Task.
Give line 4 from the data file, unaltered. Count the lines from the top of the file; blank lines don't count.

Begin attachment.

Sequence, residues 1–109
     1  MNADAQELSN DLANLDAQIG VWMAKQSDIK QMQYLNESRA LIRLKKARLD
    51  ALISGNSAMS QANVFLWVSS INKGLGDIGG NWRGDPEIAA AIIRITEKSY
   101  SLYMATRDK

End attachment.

   101  SLYMATRDK